Trailblazers know exactly how to capitalize on their names. With their brand becoming synonymous with their products, there’s only one way up for them. However, this means that some entrepreneurial minds will definitely entertain the idea of numerous off-shoots, separatists, and even spin-offs.
With quality still the deciding factor, only a handful of these derivatives remain—and some even go beyond what their predecessors have achieved. With that in mind, how do these food places bearing the same name fair against one another? And is the original always better than the more famous, more popular version?
Lapid’s Freshly Popped Chicharon and R. Lapid’s Chicharon
Chicharon lovers know that the real deal has a name: Lapid’s. However, two competing chicharon sellers bear the name Lapid. So which is which?R. Lapid’s Chicharon and Barbecue came first in 1974 after Rey Lapid returned from the United States to start anew.
Meanwhile, Jose Jr., the owner of Lapid’s Freshly Popped Chicharon, stayed true to its humble roots and only offered two types of chicharon with only a few but packed branches.
The Original Savory and Classic Savory
When it comes to Chinese-style fried chicken, ask your abuelos and abuelas and they will tell you that the best one is in Escolta, specifically a humble joint named Savory. Unfortunately, the iconic restaurant burned down in 2015 after 65 years of serving plate after plate of delicious fried chicken.
The birthplace of Savory may be gone, but the legacy is still with us. However, two groups of restaurants bearing the same name—both established by the forerunners of the Savory in Escolta—are battling out in the taste arena.On the left corner: The Original Savory, territory of Jose Ting, the youngest of the four brothers who opened the original chain. After acquiring the Escolta branch of Savory, he decided to keep it that way and stay as a down-to-earth family restaurant with branches outside of malls.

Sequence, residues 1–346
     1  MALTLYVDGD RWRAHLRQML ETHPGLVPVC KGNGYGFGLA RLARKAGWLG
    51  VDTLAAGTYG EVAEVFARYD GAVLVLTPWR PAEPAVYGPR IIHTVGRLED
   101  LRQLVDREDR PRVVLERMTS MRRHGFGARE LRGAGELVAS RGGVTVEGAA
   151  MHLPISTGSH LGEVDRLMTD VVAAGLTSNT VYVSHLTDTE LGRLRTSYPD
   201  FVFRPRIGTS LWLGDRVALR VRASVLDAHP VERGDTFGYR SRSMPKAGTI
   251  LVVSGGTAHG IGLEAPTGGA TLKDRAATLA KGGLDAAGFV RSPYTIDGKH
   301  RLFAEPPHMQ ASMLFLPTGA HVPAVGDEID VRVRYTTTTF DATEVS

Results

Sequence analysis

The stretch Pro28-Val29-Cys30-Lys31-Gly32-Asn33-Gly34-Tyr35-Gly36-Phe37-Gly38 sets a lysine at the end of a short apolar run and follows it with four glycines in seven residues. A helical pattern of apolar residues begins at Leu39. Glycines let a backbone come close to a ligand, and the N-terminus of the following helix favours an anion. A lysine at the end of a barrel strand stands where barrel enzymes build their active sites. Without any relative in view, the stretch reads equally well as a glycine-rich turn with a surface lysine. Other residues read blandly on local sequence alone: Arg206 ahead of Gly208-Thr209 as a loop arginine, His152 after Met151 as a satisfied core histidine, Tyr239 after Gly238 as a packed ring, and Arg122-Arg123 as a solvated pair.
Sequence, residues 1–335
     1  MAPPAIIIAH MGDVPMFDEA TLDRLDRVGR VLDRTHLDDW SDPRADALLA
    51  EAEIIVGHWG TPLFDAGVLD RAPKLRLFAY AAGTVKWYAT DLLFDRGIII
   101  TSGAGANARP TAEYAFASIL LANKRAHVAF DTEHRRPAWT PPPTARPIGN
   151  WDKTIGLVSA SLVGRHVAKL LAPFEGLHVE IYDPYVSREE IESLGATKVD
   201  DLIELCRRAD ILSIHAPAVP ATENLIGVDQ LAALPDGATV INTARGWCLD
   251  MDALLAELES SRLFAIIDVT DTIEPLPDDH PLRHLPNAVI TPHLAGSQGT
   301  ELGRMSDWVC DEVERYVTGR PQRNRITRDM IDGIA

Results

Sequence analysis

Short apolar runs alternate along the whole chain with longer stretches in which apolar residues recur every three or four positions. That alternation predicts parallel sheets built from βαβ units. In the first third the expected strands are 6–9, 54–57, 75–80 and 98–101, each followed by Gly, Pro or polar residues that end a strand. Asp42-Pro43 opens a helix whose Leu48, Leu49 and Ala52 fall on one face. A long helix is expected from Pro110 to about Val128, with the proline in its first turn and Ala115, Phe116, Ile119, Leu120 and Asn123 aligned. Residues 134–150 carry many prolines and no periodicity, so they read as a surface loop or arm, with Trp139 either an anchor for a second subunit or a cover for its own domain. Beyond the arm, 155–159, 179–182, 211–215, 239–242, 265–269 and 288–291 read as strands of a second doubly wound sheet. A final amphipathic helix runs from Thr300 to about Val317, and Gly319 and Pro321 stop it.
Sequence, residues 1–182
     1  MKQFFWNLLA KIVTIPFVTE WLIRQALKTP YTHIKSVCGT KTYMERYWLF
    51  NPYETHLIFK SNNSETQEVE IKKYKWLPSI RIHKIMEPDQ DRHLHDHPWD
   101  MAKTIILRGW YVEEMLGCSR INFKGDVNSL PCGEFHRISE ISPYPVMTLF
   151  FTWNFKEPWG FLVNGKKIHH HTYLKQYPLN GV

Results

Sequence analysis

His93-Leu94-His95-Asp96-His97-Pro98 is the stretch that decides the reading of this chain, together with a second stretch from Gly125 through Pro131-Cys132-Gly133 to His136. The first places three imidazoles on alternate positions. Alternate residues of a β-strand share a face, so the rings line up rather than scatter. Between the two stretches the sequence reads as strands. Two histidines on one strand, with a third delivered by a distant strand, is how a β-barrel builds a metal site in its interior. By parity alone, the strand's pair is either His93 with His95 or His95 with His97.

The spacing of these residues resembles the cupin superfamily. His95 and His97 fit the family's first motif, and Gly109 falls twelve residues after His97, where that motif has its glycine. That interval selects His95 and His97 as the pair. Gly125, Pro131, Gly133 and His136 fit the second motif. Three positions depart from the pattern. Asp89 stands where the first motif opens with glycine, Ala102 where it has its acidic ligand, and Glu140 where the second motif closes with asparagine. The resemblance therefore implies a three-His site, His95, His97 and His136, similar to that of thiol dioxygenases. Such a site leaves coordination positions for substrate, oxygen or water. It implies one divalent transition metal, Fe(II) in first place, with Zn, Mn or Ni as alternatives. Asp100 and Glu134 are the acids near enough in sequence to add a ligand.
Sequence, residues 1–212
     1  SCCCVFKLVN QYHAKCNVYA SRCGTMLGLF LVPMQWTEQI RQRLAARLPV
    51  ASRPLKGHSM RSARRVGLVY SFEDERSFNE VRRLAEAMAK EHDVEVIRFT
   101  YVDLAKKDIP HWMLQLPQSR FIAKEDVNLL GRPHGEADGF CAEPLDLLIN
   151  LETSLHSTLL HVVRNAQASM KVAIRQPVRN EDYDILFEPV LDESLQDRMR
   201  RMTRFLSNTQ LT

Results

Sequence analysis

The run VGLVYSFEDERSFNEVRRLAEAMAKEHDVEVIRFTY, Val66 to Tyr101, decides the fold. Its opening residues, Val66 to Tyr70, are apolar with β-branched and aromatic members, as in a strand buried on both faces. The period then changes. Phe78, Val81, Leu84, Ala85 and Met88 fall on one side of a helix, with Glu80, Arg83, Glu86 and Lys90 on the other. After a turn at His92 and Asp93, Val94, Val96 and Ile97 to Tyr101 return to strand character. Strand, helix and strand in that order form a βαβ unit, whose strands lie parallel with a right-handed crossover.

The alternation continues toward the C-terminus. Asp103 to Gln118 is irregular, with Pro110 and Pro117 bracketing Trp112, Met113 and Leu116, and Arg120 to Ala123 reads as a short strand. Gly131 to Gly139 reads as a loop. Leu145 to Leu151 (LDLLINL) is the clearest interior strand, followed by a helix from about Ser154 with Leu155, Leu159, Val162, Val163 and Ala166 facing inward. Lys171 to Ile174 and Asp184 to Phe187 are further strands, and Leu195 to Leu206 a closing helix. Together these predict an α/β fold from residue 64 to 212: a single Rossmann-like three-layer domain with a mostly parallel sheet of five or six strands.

Meanwhile, the descendants of Vicente Ting decided to open the mall-friendly version Classic Savory in 2007, which has expanded to more than 60 branches nationwide in a short amount of time.
With both chicken chains claiming to have inherited the original recipe from the original Savory Luncheonette, it’s up to the customers to decide which one lives up to its name.
The Original SaLido Restaurant and Lido Cucina Tsina
From the gritty outskirts of Binondo lies a darling restaurant that has been a favorite among both the old and young.
Serving their trademark braised pork shoulder slowly-roasted to perfection in pugon or old-fashioned brick ovens, Lido has been a common name among food lovers ever since it started its operation before the Second World War.Fast forward to the present times, and it seems like Lido has evolved from a humble joint on Ongpin to a chain of Chinese restaurants. Right? Quite, but not really.
The Ongpin branch, which is just one of its kind, is called The Original SaLido Restaurant. Aside from their sumptuous pork asado, they also have a wide variety of Chinese fares like the hong ma with cuapao (think of the pork buns from David Chang’s Momofuku), chami, and of course, the equally famous siphon-brewed coffee.
Meanwhile, the more dispersed Lido Cocina Tsina has all the same items you loved in the original branch sans the need to make a pilgrimage to Binondo.
If you prefer going back in time and snuffling the lingering aroma of both the roast pork and coffee, then SaLido is your choice. But if you just need a quick asado fix, then head to the nearest Lido and dig in.
Luz – The Original Razon’s and Razon’s of Guagua
While your roadside halo-halo vendor can give you a cold fix this summer, only a few names have been associated with the brand, with the Razon family of Guagua on top of them. However, everyone who has tried the joints around the metro bearing the Razon name may have been misled.The only restaurants built by the Razon siblings are confined in the province of Pampanga, with some branches in NLEX catering to pilgrims headed up north.
The recipe, which was said to be approved by the matriarch Lola Viring, still follows the minimalistic recipe the family has kept for years: macapuno, caramelized bananas, and leche flan.
The Original Pares Mami House and Pares Retiro
Pares, which always has to be a pair (hence, the term pares) of fried rice and beef stew, is often credited to be born on Retiro Street (now N.S. Amoranto Sr. Street).
The original spot of Jonas is said to be the cradle of pares, but it is The Original Pares Mami House that gets more affection from people. As for which one’s actually better, that’s up for debate.While a number of pares offshoots have tried but failed to recreate the success of both Jonas and The Original Pares Mami House, one successful pares place has spawned a few branches in Metro Manila. Pares Retiro, whose name is definitely a homage to its humble roots, has made the Pinoy staple more accessible to all.